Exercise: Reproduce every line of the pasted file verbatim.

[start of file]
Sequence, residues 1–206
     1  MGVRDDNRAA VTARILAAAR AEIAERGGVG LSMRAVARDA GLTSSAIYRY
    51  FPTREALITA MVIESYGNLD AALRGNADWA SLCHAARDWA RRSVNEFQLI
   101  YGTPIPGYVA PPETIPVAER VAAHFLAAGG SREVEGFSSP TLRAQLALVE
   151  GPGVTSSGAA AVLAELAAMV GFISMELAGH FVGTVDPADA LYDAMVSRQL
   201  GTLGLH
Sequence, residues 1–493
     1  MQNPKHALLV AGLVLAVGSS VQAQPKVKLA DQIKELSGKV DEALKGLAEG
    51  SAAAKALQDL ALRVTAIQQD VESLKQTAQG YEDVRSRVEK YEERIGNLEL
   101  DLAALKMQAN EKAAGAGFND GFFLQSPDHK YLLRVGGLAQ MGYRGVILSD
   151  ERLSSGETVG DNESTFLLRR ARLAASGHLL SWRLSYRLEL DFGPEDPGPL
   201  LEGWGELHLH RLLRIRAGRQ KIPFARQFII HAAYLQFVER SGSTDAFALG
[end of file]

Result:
Sequence, residues 1–206
     1  MGVRDDNRAA VTARILAAAR AEIAERGGVG LSMRAVARDA GLTSSAIYRY
    51  FPTREALITA MVIESYGNLD AALRGNADWA SLCHAARDWA RRSVNEFQLI
   101  YGTPIPGYVA PPETIPVAER VAAHFLAAGG SREVEGFSSP TLRAQLALVE
   151  GPGVTSSGAA AVLAELAAMV GFISMELAGH FVGTVDPADA LYDAMVSRQL
   201  GTLGLH
Sequence, residues 1–493
     1  MQNPKHALLV AGLVLAVGSS VQAQPKVKLA DQIKELSGKV DEALKGLAEG
    51  SAAAKALQDL ALRVTAIQQD VESLKQTAQG YEDVRSRVEK YEERIGNLEL
   101  DLAALKMQAN EKAAGAGFND GFFLQSPDHK YLLRVGGLAQ MGYRGVILSD
   151  ERLSSGETVG DNESTFLLRR ARLAASGHLL SWRLSYRLEL DFGPEDPGPL
   201  LEGWGELHLH RLLRIRAGRQ KIPFARQFII HAAYLQFVER SGSTDAFALG